If you are very beginner and do not understand this: 4 x 200; R15'' I would explain it to you: 4 repetitions of 200 meters with 15 seconds of recovery, or what is the same, run 200 meters, then recover 15 seconds (R15''), and repeat 4 times (4x).

The recoveries are made running softly either the same distance done or the distance or time indicated, in this case it would be 15 seconds (R15'').

All this showed above is a series, if you are also indicated: 3 x 4 x 200; R15'' RR30''
it would mean that the whole exercise (4 x 200) have to be repeated 3 times and that the recovery between series and series (RR30'' or RS30'') would be 30''

Slower? OK!

3 x 4 x 200; R15'' RR30''

Run 200 meters, recover running slowly 15 seconds.
Repeat, run 200 meters and recover 15 seconds.
Repeat for the third time, run 200 meters and recover 15 seconds.
And the last round, you run 200 meters and recover 30 seconds, instead of 15, because you have already completed the entire series (4 x 200), with its break of 15 seconds (R15''), now we rest between sets (RR30''), or 30 seconds.
And we repeat everything again 3 times (3x).

## Consult the pace calculator on line.

### EXPLANATION OF TYPES OF RACES

1. CONTINUOUS RACE GOING SOFT.- It is the essence of the training for the long distance runner. It is about running in a uniform way and continuous step slower than your competition step, it is not necessary to warm up for this. It helps us to build the strength gradually and it helps us to acquire resistance to the distance both physically and mentally.
The running-in favours the overall organic resistance; with them the muscle gets use to use fat as fuel and drops the pulse at rest, improving the work of the heart.

2. CONTINUES RACE AT COMPETITION STEP.- It is about running in a uniform and continuous way with competition step or faster. It helps you to know your possible step in a career giving you greater confidence.

3. RHYTHM.- Long repetitions in a competition step, with or without recovery intervals between them. For example: 3 repetitions of 2000 meters with a 10 km race step, with 5 to 7 minutes jogging recovery, or from 5 to 10 km at continuous pace.
The pace develops strength, speed and step approach, simulating the conditions of competition.

4. SPEED INTERVALS (SERIES).- It is running very fast short distances and jogging as recovery between each. They are essential to improve the power and lower your marks. For example: 8 repetitions of fast 400 m for 400 meters recovery.
The purpose of these intervals is to develop your speed doing your maximum effort, increasing your heart rate. The body gets used to recycle lactate, enlarged the heart and improves perfusion sanguine muscle with them.
This can only be done if you have spent enough time in the stages of strength and resistance, so if you are a beginner or you are going to run your first marathon your main goal is not the time but finishing the marathon.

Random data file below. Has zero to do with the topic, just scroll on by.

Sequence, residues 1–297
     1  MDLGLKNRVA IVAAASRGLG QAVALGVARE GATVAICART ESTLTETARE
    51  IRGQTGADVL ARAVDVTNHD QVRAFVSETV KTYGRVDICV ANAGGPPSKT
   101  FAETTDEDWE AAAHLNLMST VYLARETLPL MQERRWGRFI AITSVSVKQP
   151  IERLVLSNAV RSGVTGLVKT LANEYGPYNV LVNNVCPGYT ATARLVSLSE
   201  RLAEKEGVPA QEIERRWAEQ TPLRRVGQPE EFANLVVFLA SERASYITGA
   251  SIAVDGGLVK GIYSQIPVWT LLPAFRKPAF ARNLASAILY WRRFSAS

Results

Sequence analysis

We would work with continuous careers, rhythms and distance, and in some other occasion we would talk of the "speed".

5. FARTLEK.- They are rhythm changes during the race changing or not the time of these. For example: 5 minutes run fast recover with 3 minutes less rapid, then continue with 7 very fast minutes and 3 minutes very smooth, and so on.
This teach us to make changes between the training speed and competition speed, and how the recovery is running, we learn to know each one better to see if we can "accelerate" in a competition or if we need to recover "slow down" a little bit the step but WITHOUT stop running.
These are most effective when done on land varied, with some gentle slopes.
It is a mixed system where alternating aerobic work with neuromuscular activity through changes of rhythm.
Literally this means "speed game" (it comes from the union of the Swedish words "fart" (speed) and "lek" (game).
It was developed by the Swedish Gosta Holmer and lately popularized by Gosta Olander.

6. CLIMBS OR UPHILLS.- Intense workouts that develop the strength in your legs. The intensity with which you have to run it, it depends on your current level of fitness, neither so fast that you have to stop when climbing nor so slow that you don’t have to force yourself at all, you must work 70 to 85% of your maximum heart rate.
Be sure not to be tired for having trained much the previous day, you must be prepared to work hard.

7. STRAIGHTS.-The straights of what we talk at the end of the training plans are progressions from 60 to 100 meters and its intensity depends on the work performed.
After making one or more circuits of weights, after exercising technical exercise or one-day of continue race. You have several advantages, the main one is transferred to the legs the work performed; improve the technique, help to release the legs because the muscles and tendons tend to be shortened after a long shoot.
Not always these are done in the same way, if performed after the weights they should be more progressive and strong. If performed after the technical exercises they should be looking for the effectiveness of the stride more than the speed, i.e., lifting the hip, wide stride and not very fast. If performed after a long-running it won’t be enough that you do them in a progressive way.

8. BREAKS.- Even though you don’t believe it, breaks are the most important part of training because they allow us to assimilate it and prevent us from overloading and injuries.
The resting days would be manage in two ways:
• "Active rest" is when you rest of running but make other mild physical activity, such as swimming or riding a bike.
• "Complete rest" which is resting entirely on the exercise.
You should always rest after days of heavy competition and alternating with gentle workouts.
And remember: It is preferable to err by default than by excess.

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